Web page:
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Plays For Sure

It’s 2004, and Apple has been selling iPods for three years, initially for Mac users but later for Windows PC owners too. It has iTunes to sell songs. Consumers are keen. In response, Microsoft launches Plays For Sure, an attempt to regain some level of control of the digital music player market by encouraging iPod and iTunes competitors to come together and back its Windows Media Player formats. The pitch to punters: buy from any compatible store you want, and play your music on any compatible device you want. Lots of hardware vendors signed up; so did music suppliers. But success did not follow. Content companies were keener on selling subscriptions than the single tracks punters wanted, and most players didn’t have marketing might behind them that Apple had granted the iPod. Fail For Sure.

Microsoft Plays For Sure

Compatibility never killed the iPod

Microsoft tried again in 2006 with the more iPod/iTunes-like Zune. It still couldn’t get it right, and knocked Zune on the head in June 2012.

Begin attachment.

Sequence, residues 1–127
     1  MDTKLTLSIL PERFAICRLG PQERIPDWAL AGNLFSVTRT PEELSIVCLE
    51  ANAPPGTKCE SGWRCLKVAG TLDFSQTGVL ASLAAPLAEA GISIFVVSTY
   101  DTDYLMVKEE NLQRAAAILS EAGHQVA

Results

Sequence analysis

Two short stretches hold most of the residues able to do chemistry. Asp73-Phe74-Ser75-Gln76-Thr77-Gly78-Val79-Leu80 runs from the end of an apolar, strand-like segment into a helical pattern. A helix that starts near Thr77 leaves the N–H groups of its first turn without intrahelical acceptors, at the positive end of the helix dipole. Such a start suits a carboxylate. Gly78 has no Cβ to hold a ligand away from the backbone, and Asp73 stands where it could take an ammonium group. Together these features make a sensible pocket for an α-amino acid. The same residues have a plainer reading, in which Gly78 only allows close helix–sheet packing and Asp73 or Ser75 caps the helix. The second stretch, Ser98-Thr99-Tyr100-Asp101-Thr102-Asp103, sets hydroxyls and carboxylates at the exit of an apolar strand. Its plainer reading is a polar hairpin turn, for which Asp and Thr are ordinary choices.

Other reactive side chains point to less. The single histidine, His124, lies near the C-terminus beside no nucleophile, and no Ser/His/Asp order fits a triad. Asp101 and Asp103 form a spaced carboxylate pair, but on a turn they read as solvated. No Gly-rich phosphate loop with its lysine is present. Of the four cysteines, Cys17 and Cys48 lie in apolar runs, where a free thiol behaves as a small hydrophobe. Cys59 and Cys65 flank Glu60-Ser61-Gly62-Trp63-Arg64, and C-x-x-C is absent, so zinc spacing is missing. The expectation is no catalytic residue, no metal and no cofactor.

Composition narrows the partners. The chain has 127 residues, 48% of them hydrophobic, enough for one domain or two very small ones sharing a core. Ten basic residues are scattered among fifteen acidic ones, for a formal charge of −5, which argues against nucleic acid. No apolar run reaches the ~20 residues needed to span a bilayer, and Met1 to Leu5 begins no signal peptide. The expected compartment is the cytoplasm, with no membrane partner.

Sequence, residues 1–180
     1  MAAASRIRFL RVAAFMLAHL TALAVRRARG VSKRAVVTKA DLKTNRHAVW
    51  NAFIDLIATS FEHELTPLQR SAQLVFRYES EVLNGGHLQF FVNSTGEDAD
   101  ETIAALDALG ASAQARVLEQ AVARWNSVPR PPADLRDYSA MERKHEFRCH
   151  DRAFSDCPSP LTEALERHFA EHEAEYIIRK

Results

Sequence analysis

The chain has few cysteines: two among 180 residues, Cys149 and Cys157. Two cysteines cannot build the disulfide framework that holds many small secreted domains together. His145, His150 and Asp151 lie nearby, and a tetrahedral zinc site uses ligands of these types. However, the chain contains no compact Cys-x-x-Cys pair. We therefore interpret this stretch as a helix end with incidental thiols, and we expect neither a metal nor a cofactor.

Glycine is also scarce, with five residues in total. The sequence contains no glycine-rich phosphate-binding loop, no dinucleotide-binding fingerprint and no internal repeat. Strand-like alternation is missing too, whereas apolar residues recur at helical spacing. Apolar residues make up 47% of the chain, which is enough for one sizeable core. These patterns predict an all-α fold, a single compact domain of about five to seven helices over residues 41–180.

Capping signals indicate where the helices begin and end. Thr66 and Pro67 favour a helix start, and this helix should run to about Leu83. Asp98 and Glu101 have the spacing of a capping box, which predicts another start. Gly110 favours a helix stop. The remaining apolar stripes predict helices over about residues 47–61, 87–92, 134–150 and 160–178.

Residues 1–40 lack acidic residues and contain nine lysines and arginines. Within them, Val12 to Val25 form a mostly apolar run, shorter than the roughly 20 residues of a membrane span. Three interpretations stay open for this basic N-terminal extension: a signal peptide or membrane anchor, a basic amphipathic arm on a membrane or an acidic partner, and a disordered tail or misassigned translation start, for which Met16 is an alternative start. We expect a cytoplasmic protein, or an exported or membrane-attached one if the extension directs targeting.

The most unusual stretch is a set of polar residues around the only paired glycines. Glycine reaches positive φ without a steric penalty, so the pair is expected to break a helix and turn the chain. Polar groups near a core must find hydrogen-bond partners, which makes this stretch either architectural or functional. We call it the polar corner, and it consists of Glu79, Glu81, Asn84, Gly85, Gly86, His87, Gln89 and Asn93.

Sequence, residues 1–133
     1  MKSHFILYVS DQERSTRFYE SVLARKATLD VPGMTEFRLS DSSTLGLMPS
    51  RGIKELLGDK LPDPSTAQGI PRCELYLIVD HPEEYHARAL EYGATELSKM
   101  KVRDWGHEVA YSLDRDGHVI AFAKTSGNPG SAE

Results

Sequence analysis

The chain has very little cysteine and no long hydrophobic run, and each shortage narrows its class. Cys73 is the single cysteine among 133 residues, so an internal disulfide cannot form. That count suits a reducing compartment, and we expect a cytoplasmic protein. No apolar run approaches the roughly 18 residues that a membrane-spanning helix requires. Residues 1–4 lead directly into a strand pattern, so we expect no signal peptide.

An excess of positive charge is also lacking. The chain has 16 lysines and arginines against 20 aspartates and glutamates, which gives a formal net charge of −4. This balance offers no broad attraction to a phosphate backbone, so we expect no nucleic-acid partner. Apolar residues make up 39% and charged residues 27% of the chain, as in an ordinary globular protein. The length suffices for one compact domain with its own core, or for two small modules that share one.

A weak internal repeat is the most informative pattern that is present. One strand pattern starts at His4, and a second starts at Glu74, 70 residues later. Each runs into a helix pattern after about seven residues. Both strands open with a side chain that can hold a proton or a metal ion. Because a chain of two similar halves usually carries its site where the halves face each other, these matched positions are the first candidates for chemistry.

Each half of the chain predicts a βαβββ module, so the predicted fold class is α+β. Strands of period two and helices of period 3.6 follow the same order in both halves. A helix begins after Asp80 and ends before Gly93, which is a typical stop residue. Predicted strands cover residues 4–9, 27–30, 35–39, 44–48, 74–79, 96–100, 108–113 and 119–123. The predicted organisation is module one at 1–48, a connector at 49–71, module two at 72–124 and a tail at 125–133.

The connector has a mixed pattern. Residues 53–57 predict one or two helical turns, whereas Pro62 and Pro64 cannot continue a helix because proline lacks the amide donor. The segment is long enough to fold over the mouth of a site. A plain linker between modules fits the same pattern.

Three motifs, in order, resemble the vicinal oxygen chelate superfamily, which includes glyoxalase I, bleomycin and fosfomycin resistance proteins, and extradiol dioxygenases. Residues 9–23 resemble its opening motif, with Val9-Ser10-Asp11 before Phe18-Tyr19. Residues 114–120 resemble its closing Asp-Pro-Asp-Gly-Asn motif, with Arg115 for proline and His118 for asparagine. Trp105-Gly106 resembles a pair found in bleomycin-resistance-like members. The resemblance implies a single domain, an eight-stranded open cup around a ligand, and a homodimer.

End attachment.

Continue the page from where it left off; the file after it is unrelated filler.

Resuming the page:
Push Technology

Long before Canada’s Research in Motion popularised the term ‘push’ for delivered email, a number of firms, most notably PointCast, used the word to describe new information services that actively sent out updates to users rather simply wait for the users to fire up a web browser and come and get them. PointCast hoped consumers and businesses would be excited by having useful information delivered to their digital door, logging in to their desktops to find news and such waiting for them. There was enough of a buzz around the notion for even Rupert Murdoch’s News Corporation to consider buying PointCast.

PointCast client

But the gap PointCast and others hoped to fill was quickly covered by the then emerging portal websites like Excite and Yahoo! who found that users were happy enough to visit such sites regularly anyway, a process made easy by browser bookmarks. By the end of the 1990s, PointCast and many of its rivals were gone, though the notion of getting information updates, albeit through by pulling them over, was carried on by the developers of the RSS feed.

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